Why Meeting Planners are Jumping on Clubhouse

When members of the Smartie community reach out with an idea, we listen. So, when Megan Finnell, director of meetings and conferences with MGMA, pinged me with an invitation to join Clubhouse, I jumped on it.

For those who haven’t had a chance to sit in on some of these high-energy conversations on what is billed as a drop-in audio chat social media platform, the iPhone-only, invitation-only feed seems to be popping up everywhere, including an exclusive announcement from Elon Musk about Dogecoin (another cryptocurrency for those not yet in the know). It now numbers more than 2 million members, and that FOMO while you wait for an invitation is only part of the appeal.

The good news is, no silly TikTok dance videos or Bernie mitten memes.

Like an in-person event, the quality of the content is as good as the people in the room. Rooms are formed based on topics listed in the “corridor” of the app feed and sent out in push notifications to those who follow topics or members. Speakers are “on stage” in the top part of the screen and audience members below can raise their hands to be called up to share their expertise or ask questions. Moderators keep the conversation moving.

When I saw a notice for a room opening up called “CH Cage Fight Live Events vs. Hybrid” featuring Smart Meetings Planners of the Year Timothy Simpson (brand and engagement chief strategist for Design Studio by Maritz Global Events) and Elizabeth Sage (associate director of events and trade shows with Illumina), I had to listen in.

Michael Greto, founder of The Chatt Hill Company in Atlanta, who was one of the moderators for the session, explained later that the ability to hear the nuance and tonality in people’s voices makes it a far better platform for connecting than text-based Twitter or Facebook.

“People are more vulnerable, and there is immense breadth and depth of information being shared here,” he said. He suggests that newcomers (who are designated with a celebratory hat on their avatar) start by listening to learn. “You don’t have to be the loudest voice. Don’t be afraid to ask a question,” he said.

Conversation-Based

Similarly, Rachael Green, who bills herself as a virtual mixologist and hosts “Rach Green Cocktails” for interactive streaming sessions, has fully embraced the platform. She received her invitation just before Christmas and now spends six to nine hours a day there. It has become her sole avenue for research, sales, marketing and networking. “It is the most influential platform for moving the needle because it is based on conversation,” she said.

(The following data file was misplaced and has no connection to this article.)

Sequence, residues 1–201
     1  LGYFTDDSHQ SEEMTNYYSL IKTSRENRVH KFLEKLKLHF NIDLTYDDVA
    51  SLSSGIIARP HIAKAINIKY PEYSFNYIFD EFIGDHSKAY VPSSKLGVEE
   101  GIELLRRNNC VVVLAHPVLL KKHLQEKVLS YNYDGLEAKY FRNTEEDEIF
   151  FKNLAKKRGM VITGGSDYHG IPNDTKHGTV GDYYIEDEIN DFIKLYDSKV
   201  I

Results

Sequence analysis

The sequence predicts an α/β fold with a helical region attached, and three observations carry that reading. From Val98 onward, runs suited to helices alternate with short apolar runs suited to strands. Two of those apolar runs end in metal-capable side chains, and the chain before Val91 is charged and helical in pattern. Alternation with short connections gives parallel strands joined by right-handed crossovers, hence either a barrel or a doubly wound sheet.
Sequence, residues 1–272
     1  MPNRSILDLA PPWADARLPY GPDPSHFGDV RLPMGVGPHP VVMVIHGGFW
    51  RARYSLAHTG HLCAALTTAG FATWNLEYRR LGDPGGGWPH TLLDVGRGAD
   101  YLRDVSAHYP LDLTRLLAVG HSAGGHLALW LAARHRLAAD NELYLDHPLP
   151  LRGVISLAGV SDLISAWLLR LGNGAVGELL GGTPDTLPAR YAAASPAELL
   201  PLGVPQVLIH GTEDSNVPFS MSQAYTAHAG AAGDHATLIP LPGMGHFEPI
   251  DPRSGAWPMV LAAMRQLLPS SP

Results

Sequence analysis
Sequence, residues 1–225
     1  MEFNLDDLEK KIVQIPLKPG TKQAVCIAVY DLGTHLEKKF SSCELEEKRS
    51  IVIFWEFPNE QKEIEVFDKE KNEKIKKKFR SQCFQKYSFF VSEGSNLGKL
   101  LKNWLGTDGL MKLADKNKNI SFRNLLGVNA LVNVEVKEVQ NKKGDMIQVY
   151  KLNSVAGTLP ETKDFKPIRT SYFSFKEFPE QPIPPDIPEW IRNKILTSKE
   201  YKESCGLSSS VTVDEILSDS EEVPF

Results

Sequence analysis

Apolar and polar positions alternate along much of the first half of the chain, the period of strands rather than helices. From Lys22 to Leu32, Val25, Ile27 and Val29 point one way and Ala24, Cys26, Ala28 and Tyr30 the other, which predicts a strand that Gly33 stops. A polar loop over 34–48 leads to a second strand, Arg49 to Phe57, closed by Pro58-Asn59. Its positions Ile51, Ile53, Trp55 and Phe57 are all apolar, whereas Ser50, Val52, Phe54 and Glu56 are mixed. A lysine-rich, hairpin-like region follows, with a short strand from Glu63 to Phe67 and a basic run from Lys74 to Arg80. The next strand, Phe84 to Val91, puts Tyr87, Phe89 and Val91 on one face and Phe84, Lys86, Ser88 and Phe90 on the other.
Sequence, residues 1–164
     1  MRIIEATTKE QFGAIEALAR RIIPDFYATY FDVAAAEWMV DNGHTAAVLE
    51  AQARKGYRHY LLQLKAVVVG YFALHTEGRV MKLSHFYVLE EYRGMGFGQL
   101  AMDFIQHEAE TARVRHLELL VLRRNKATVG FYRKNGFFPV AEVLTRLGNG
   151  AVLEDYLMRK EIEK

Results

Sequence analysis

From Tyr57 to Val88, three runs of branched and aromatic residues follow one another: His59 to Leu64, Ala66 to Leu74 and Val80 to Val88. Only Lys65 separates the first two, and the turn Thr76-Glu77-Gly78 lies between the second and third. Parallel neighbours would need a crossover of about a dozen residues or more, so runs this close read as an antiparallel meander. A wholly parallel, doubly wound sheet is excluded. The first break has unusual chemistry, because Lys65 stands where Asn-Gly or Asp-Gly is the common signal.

“As you build your tribe, you can find people aligned with your interests. It creates a sense of family,” she explained.

Green called the platform a natural fit for meeting professionals and compared it to a convention center with many events inside. Planners design an event by creating a room, choosing a compelling topic, inviting interesting speakers, moderating the discussion and calling people up on stage.

“It has the value of podcasts, but with the added benefit that you can listen passively or raise your hand and join the conversation,” she said.

A Lovefest

In the session I attended, speakers were assigned “pro virtual” or “pro in-person” positions and asked to argue their side to the death. One of the “fighters,” Nick Borelli, who is the new director of marketing growth with Allseated, joked afterward that the cage fight turned into more of a love fest as everyone agreed we just want to get back to meeting in person.

Until then, we have Clubhouse. Now, when I am “doomscrolling” and see the notification about a planner talk pop up on my phone, I almost always click, even if I only have time to listen in for a moment before poking my head into the next room.

An International Water Cooler

UK-based event manager and speaker Juliet Tripp explained in a blog post what she learned in her first 24 hours on the platform she thinks could replace those “water cooler moments” in the work world.

To start, she suggested putting some thought into a bio and picture that represent who you are and coming up with an elevator pitch quickly so you can explain your product or service when called. Following people will unlock more conversations and rooms. Tripp also advised experimenting with different times of day to check out what happens across different time zones.

“Say yes, figure it out later! To speak, to host a room and moderate—dive straight in and get involved,” she urged. Then champion others by giving them a shout out or invite them up on stage.

Also, “Don’t be afraid to walk away from rooms and from people—if they don’t make you learn, inspired or feel good,” she said. The “leave quietly” button is there for a reason.

Tripp sees Clubhouse as a valuable experience, but also just the beginning. She suggested following people who inspire you on other social media platforms to keep the communication and collaboration going.

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